In a new paper, experts address the specific challenges patients with autism spectrum disorder (ASD) and their families might encounter during the COVID-19 pandemic, as well as what healthcare providers should know and do to ensure optimal and safe care.

The report is published in The Lancet Psychiatry journal.

“Autism spectrum disorder prevalence has increased significantly in the last 20 years. In 2004, the prevalence of autism was 1 in 166. Today the Centers for Disease Control (CDC) estimates that 1 in 54 children are on the autism spectrum,” said co-author Adrien A. Eshraghi, M.D., M.Sc., professor of Otolaryngology, Neurological Surgery and Biomedical Engineering at the University of Miami Miller School of Medicine.

“At a time when everyone is stressed about contracting COVID-19, becoming better educated about how to manage patients with autism will increase patient and provider safety, while appropriately helping these patients and their families.”

Eshraghi is the director of the University of Miami Hearing Research and Communication Disorders Laboratory and co-director of the University of Miami Ear Institute. He has dedicated much of his career to caring for individuals with various disabilities including individuals with autism.

The goal of this paper was to define the challenges patients with autism may face in a pandemic like this, so physicians, caregivers, and the overall health system can better anticipate and meet the needs of these particular patients.

For example, people with autism are at higher risk for COVID-19 complications, according to the CDC. This is because they tend to have immune disorders and other comorbidities.

In addition, the process of isolating can be especially hard on children with autism and their families. The pandemic also disrupts routine, which is problematic for this population. Patients might have difficulty comprehending the situation and expressing themselves.

“Those with autism spectrum disorder are not just another vulnerable population in the context of COVID-19,” said co-author Michael Alessandri, Ph.D., executive director of the University of Miami-Nova Southeastern University Center for Autism and Related Disabilities (CARD).

“While they may share similar needs with other vulnerable groups, some are in fact quite unique. We hope our commentary begins to provide a framework for strategic enhancement and investment in healthcare, therapy, education, and family support during future crises.”

Depending on where they are on the spectrum — from extremely high to low functioning — patients with autism might have challenges with communicating, hyperactivity, and behavioral issues. Some individuals on the spectrum are extremely sensitive to sound or bright light.

Because of all these multiple challenges which may be experienced at the same time in some instances, people with ASD and their caregivers are likely experiencing greater levels of stress during this time.

If patients need medical care during the pandemic, the situation for patients and their families often becomes even more overwhelming, according to Eshraghi.

“The healthcare environment, especially in the emergency room, can be difficult and overstimulating for people with autism spectrum disorder possibly due to the crowd, sounds and lights,” Eshraghi said.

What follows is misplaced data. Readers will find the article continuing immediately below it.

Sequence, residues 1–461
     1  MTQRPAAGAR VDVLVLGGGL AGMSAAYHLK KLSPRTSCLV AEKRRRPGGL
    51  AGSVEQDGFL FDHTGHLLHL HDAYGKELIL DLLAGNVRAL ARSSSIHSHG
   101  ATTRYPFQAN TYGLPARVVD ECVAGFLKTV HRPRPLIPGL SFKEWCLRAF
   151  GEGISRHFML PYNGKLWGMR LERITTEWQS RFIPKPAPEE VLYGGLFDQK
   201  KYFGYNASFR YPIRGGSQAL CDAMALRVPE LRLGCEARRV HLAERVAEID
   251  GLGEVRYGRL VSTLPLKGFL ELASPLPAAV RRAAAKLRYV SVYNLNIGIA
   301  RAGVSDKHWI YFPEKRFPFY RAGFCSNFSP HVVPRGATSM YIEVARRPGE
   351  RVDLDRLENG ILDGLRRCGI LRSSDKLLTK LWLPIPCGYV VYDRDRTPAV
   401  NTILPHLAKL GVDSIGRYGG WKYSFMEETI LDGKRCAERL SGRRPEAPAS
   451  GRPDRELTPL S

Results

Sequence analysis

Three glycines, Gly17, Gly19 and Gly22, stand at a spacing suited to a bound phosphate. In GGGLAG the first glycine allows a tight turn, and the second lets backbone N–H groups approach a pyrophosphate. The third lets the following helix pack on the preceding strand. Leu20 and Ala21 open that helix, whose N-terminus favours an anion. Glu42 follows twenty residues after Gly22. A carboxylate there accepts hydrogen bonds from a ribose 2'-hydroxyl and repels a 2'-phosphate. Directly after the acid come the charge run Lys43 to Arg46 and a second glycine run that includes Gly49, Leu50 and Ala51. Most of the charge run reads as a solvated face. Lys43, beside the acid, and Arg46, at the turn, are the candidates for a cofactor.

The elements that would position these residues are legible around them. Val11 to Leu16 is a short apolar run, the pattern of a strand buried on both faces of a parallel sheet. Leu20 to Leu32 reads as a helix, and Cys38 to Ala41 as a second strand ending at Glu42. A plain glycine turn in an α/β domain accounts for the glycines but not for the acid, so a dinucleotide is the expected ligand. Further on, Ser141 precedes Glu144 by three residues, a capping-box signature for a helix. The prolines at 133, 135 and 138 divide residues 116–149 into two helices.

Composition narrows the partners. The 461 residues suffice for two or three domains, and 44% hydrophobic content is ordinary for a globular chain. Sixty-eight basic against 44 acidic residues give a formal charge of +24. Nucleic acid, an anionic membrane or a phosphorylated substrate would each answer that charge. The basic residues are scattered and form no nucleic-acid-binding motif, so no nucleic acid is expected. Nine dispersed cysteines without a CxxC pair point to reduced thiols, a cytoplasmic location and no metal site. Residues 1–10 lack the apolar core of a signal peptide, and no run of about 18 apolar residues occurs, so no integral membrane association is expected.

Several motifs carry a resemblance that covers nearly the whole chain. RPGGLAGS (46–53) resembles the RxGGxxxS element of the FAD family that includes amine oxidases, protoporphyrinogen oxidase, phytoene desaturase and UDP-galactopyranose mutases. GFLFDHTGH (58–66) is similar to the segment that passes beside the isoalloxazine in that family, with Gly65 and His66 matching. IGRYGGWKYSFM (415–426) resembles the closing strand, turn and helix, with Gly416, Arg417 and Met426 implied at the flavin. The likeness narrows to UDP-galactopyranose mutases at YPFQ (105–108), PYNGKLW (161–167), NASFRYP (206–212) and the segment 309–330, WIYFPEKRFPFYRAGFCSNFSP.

“It’s important to reduce that stress. For example, caregivers are not allowed into many ER exam and hospital rooms during the pandemic. But in the case of autism, patients need their caregivers to help keep them be calm and facilitate communication with providers.”

Eshraghi recommends that ERs train staff to recognize the signs of autism and understand how to best manage these patients. Often, that means thinking out of the box.

If the patient is running around the ER waiting room, for example, it is not because the parents don’t know how to discipline the child, but rather the child is overwhelmed because of the environment.

“Another issue with people on the spectrum is that some don’t have a concept of having to wait for their turn, so they’re impatient when they have to wait,” Eshraghi said.

At a time when it is important to wear masks, children with autism might refuse or take off their masks because of sensory issues.

Potential solutions include bringing the child and caregiver to wait in an exam room, rather than keeping them in the waiting room. If the patient keeps taking off his or her mask, provide parents with additional masks to keep the child, parents, and providers safe.

Telehealth can also be a viable and promising solution, but research is needed to develop telehealth services geared specifically toward people with autism, he said. It might actually be even an opportunity for many kids on the spectrum to use these online services, even post COVID-19.

“It’s important that providers and hospital staffs not judge those parents and avoid unintentional discrimination, simply because they don’t understand the behaviors of a person on the autism spectrum,” Eshraghi said.

A pandemic presents a perfect storm of challenges for patients with autism and their family.

“We need policies to help those people who are more vulnerable during a pandemic,” Eshraghi said. “Hopefully, this paper will bring these patients’ needs and potential solutions to light.”

Source: University of Miami Miller School of Medicine